For most, even the greats, there's a natural inclination to overstay your welcome. And who can blame them? Who wouldn't want to extend the time in the spotlight, the special bonds with teammates and those hefty pay checks as long as possible?
That's why the final memories of Willie Mays are of the former Giants great hobbling around the Mets outfield. The constant waffling and endless comebacks are the first image that now comes to mind at a mention of Brett Favre. The aura of Michael Jordan lost some luster when he was shown to be a mere mortal with the Wizards.
The accomplishments of those greats in their prime will never be forgotten, but their legacies were tarnished a bit by sticking around a little too long.
Nicklas Lidstrom won't face that issue. The Red Wings standout defenseman announced his retirement on Thursday, stepping away from the game at age 42 after 20 seasons in the NHL, all with Detroit.
Lidstrom isn't leaving because he has to. His skills may have slipped ever so slightly over time, but he remains one of the top defensemen in the NHL and there's no reason to believe he couldn't stay at the level for a while longer.
Lidstrom was a rare talent, winning seven Norris Trophies as the league's top defenseman, four Stanley Cups, a Conn Smythe Trophy as playoff MVP in 2002 and a gold medal with Sweden in the 2006 Olympics. But he's the rarer athlete able to walk away from the game without having suffered any noticeable decline in his abilities.
"Retiring today allows me to walk away with pride, rather than have the game walk away from me," Lidstrom told reporters at a news conference Thursday in Detroit to announce his decision to retire, as reported by the Detroit Free Press.
Lidstrom was as strong as ever this past season, putting up 11-23-34 totals and a plus-21 rating. That last number rectified a rare blemish on his resume after he finished a minus for the only time in his career last season. Of course, even at a minus-2 in 2010-11, Lidstrom still won his seventh Norris with 16-46-62 totals, matching Doug Harvey for the second-most Norris wins, one behind the legendary Bobby Orr.
Lidstrom was an ironman throughout his career, never playing less than 70 games in a season outside of the lockout-shortened 1994-95 campaign. Overall he played in 1,564 regular season games with 264-878-1,142 totals and an astounding career plus/minus of plus-450. He added 54-129-183 totals and a plus-61 in 263 playoff contests.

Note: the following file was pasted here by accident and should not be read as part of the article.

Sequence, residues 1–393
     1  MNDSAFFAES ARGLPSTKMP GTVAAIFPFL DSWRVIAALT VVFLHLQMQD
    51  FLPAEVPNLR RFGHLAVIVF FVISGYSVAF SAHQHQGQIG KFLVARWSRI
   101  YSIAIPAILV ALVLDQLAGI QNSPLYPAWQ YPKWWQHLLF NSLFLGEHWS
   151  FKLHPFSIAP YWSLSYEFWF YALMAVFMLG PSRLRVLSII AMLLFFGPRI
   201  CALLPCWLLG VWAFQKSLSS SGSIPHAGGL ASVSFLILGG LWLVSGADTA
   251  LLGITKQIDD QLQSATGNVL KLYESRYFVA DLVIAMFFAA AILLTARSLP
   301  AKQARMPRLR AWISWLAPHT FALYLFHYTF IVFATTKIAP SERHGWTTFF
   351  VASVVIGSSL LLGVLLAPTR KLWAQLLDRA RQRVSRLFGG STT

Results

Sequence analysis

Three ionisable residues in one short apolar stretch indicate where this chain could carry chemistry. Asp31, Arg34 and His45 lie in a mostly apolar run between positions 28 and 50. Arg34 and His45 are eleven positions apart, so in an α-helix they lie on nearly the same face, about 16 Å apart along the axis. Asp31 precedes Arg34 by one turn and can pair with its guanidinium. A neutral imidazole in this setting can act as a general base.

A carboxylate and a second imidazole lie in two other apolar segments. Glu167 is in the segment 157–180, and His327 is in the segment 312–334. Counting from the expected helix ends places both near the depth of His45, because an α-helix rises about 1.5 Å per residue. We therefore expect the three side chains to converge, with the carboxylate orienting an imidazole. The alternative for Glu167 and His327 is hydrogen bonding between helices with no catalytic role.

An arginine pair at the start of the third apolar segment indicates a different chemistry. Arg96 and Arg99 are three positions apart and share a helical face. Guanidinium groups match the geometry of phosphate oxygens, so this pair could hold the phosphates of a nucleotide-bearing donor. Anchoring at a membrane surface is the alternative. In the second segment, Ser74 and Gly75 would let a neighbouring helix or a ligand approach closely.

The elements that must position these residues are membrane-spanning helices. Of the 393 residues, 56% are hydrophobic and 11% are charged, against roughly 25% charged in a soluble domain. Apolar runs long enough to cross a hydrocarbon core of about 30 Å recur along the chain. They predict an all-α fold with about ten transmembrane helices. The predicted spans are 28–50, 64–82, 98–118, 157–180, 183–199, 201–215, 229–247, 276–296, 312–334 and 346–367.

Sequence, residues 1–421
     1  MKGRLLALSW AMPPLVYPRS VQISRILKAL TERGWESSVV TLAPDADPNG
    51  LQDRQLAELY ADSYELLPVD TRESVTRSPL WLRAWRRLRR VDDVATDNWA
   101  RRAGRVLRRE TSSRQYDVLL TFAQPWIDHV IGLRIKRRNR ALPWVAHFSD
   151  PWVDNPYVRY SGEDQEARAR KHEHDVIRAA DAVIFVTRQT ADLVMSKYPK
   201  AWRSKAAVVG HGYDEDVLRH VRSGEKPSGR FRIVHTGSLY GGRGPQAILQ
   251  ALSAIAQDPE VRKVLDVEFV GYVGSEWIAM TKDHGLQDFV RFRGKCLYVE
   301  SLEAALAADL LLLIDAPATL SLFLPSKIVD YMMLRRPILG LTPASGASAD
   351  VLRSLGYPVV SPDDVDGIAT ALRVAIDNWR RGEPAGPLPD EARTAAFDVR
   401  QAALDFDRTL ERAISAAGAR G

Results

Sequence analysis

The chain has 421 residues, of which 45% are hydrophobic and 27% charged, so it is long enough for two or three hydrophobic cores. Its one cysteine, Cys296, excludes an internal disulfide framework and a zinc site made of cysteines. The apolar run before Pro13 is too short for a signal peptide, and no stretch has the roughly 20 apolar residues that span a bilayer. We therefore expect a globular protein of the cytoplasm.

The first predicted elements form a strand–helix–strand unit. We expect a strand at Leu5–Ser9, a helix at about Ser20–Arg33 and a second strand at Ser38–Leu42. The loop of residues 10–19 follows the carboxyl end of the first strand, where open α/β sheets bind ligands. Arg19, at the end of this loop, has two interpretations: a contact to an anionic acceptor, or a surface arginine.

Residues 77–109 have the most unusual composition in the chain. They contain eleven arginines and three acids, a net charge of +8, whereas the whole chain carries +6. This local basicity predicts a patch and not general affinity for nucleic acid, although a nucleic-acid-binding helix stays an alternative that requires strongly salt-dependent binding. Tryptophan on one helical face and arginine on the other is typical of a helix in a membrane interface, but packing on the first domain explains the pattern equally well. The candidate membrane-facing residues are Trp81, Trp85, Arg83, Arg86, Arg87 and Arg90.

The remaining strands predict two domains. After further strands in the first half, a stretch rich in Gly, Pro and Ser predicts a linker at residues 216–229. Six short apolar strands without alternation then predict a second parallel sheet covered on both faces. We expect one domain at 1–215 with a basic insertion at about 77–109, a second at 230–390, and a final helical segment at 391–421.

This past year was his lowest full-season game total with 70, but he still led the Red Wings in average ice time in both the regular season (23:46) and playoffs (23:43). But while he may have shown no outward signs of decline, the weight of all those minutes and games had been taking a toll on Lidstrom, letting him know it was time to go.
"The last two years, I waited until season was over to assess if I could play again," Lidstrom said. "I let my body recover. Sadly, this year, it's painfully obvious to me my strength and energy level are not rebounding. My drive and motivation is not where it needs to be to play at this level.
"That's why it's time to retire," Lidstrom added. "I'm aware some think I can still help the Wings win games. I appreciate that. It's been a great, great ride.
"I take a lot of pride in how hard I worked, in representing my country, and in representing Detroit."
Lidstrom handled his exit from the game with the same class and grace he always displayed on the ice. His departure will be difficult for the Red Wings and their fans to accept. It's a disappointment for every hockey fan to know that one of the true greats has played his final game.
"It's one of the most emotional days in Red Wing history," Red Wings owner Mike Ilitch said at the news conference. "Nick has been a Rock of Gibraltar. A solid leader. The word perfect comes up."
And painful though it may be, it was the perfect exit. Like any good showman, Lidstrom left them wanting more.
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